On Tuesday, the Seattle City Council will consider an ordinance from Council Member Kshama Sawant to ban caste-based discrimination in Seattle. I’m calling on the City to pass this legislation to help protect people like me and to set a powerful precedent for outlawing caste discrimination nationally and internationally.

I come from a caste-oppressed community in India commonly referred to as Dalits, one of 300 million people who suffer poor living conditions created by thousands of years of so-called “Untouchability.” The horrendous system still prevails in South Asia, remaining one of the country’s fundamental faultlines–an original sin, much like race in America.

I grew up in the midst of this society, worked my way up, and managed to migrate to the US in the hopes that I would finally be free of the chains of casteism. At a recent public comment period in Seattle, I was reminded of how wrong I was. 

During the testimony, I heard people opposing this ordinance label my community as a hateful group for merely demanding protection from deep-rooted biases that are produced from a society sick with the caste system. Those comments only validated my doubts and fears that my adoptive country barely understands Caste. 

Casteists believe that contacting or socializing with people like me pollutes their lives and afterlives. Almost one in three dominant-caste households in India practice untouchability at personal level. 

The silent support for caste is rampant. My people are forced into ghettos through socially enforced segregation. Like my Black brothers and sisters, we also suffer from inhuman stereotypes.

The people who testified against this legislation want me to believe that such minds were magically cleansed of these heinous ideas without any efforts upon landing in America. Sorry, but I am smarter than that.

When I first arrived in Seattle, it was clear to me that the Indian community would accept me as one of their own if I fit into their standards. The (now) 150,000-strong Indian American community is completely dominated by members of the dominant castes. Even though they form about one-tenth the population in India, thanks to their inherited social and material privilege, they form ~80% of the Indian American population, making my community a minority within a minority.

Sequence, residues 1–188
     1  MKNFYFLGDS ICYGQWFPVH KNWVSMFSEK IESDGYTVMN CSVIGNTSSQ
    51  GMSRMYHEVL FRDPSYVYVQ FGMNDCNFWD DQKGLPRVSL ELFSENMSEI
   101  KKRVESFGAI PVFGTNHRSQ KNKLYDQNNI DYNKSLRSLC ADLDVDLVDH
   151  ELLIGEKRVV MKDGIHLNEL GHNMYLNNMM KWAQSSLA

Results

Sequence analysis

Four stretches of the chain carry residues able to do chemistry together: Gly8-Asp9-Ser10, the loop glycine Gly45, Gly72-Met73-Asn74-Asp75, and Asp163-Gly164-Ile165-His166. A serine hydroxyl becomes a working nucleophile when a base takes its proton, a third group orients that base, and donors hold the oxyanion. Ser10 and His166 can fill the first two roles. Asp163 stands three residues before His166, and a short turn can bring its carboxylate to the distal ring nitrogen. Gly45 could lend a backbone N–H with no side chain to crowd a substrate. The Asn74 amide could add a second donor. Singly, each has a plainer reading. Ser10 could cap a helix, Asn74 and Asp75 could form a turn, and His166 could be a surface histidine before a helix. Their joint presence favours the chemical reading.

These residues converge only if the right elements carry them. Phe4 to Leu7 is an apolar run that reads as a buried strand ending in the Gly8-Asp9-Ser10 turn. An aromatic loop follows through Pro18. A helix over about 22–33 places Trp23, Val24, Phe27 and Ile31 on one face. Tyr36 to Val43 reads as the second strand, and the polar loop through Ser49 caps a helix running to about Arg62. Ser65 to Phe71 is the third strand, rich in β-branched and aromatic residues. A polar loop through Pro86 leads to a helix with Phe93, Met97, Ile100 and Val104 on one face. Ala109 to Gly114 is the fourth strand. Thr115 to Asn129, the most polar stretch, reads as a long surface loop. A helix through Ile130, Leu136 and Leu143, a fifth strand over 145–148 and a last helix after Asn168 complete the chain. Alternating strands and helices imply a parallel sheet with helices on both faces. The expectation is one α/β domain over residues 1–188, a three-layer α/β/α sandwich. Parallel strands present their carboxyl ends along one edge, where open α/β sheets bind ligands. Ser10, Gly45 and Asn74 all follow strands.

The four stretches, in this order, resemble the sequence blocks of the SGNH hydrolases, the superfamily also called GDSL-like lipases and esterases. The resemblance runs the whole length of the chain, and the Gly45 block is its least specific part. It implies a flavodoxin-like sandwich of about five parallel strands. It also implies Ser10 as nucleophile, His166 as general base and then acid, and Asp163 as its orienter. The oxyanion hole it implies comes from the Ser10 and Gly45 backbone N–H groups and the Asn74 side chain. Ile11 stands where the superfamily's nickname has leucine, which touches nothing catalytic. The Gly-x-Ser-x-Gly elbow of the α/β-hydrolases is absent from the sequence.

There are no visible biological markers of a person’s caste, but those who grow up in a casteist society are able to identify–with good accuracy–if a person is in-network or out-of-network. 

Such networks are very strong. Social networks are caste-segregated in America, too, as indicated by the 2020 Indian American Attitudes survey by the Carnegie Endowment. Moreover, a University of Michigan study of matrimonial websites showed that Indian-Americans were much less open to intercaste marriages than individuals with identical demographics in India (~14% vs 23%). 

Thus, to pass as a person from the dominant caste, people like me have to erase these markers and “fit in.”

Success in my career was my only way to stay safe from falling back into the miserable conditions waiting for me back home. I decided to never talk about myself and my caste background anywhere. Twenty years of a closeted existence, of hiding from myself to avoid direct discrimination, became increasingly difficult.

Constantly guarding my thoughts, my opinions, and my actions, I thrived professionally but struggled at a human level with my contradictions. Until recently, I did not even share with my children the superhuman struggles my parents and grandparents underwent to win basic rights for us.

It was at the height of Black Lives Matter protests in 2020 that I could no longer hold this contradiction inside. I wanted to express solidarity with the Black community, so I went public with my identity. Embracing my real self has been immensely liberating. It has brought me closer to my community in Seattle, whose existence I was not aware of. I constantly meet people who, like me, stayed in hiding, unable to find each other for decades.

This is why I strongly support the ordinance outlawing caste discrimination proposed by Kshama Sawant. I do not want my children to live closeted lives in America the way that I had to. I am touched by the solidarity shown by working people here who can see the connection between the fight against caste oppression and the fight against other forms of oppression, such as racial, gender and class oppression. 

I am also not surprised to see that there are right-wing bigots who oppose this ordinance. This is typical of any struggle for civil rights, and it is, again, why I urge Seattle City Council members to vote for the ordinance. Voting against it would be to stand with bigotry. 

Samir Khobragade is a Seattle-based tech professional who has been working in the IT industry for the past 26 years. He lives with his wife and two children. He is also an anti-caste activist working with other local and national anti-caste activists for the Seattle ordinance